A megaphone above WCAG 2.2

WCAG 2.2: What changes for websites and how does it impact users?

Estimated read time: 10 minutes

The Web Content Accessibility Guidelines (WCAG) are an international standard for making web content accessible to people with disabilities. An updated version of WCAG – version 2.2 with 9 new success criteria and one promoted from AA to A – is expected to become the official standard in the summer of 2021. These updates focus on added guidance to help users with cognitive challenges, added criteria for eBooks and other types of digitized media, and new helpful guidelines especially for touchscreens and mobile platforms.

WCAG 2.2 follows the same theme of WCAG 2.1 – improving accessibility for three groups:

  1. users with cognitive or learning disabilities
  2. users with low vision
  3. users with disabilities on mobile devices

I’m Kate – an IAAP (International Association of Accessibility Professionals) certified Web Accessibility Specialist and I work with Sam – an expert screen reader user. We both work for Fable, a leading accessibility testing platform powered by people with disabilities. While the W3C is an extremely thorough technical document, we thought it might be helpful to create a plain language summary of these changes, focused on required actions and resulting impact.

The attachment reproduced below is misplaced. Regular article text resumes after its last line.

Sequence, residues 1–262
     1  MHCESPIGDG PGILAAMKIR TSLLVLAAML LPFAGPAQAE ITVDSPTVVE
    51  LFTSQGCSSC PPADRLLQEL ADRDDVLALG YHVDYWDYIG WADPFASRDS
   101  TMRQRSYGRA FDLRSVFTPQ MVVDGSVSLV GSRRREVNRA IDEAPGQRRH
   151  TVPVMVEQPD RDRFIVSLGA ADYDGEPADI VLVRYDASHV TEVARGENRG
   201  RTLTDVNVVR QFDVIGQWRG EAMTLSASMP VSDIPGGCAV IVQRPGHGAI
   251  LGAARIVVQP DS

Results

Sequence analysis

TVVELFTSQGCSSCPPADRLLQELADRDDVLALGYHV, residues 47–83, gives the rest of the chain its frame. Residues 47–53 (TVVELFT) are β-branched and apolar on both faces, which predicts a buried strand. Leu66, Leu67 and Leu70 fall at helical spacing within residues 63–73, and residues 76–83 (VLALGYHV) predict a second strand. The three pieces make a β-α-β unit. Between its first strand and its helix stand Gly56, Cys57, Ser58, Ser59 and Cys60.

At Fable, we believe organizations should go beyond accessibility guidelines to create exceptional and accessible user experiences. However, WCAG compliance is often embedded into accessibility legislation, so it’s useful to understand what’s needed to comply and what the outcome should be.

We’re going to review WCAG 2.2 from two perspectives:

  1. Organizations that want to meet the new level A and AA guidelines
  2. How assistive technology users will benefit from the new guidelines

Note: we’re only going to cover changes that impact A and AA compliance, not AAA. Level AA compliance is widely considered the globally accepted minimum standard, based on various accessibility laws. We’ve done our best to ensure we’re accurately interpreting 2.2, but please make sure you’re also using the official W3C WCAG 2.2 reference document.

Guideline 2.4 Navigable

2.4.7 Focus Visible (A)

This success criterion is not new, but it is being promoted from AA to A.

You could use the default browser focus state (but make sure you haven’t removed them using “outline: none” in your CSS).

Alternatively, you can create your own highly visible focus states (which are even better than the browser defaults which aren’t always highly visible). Reversing the link colour and background on focus is a great way to maintain your branding in focus states. Adding a thick border can also work well. Or even combining the two approaches can work.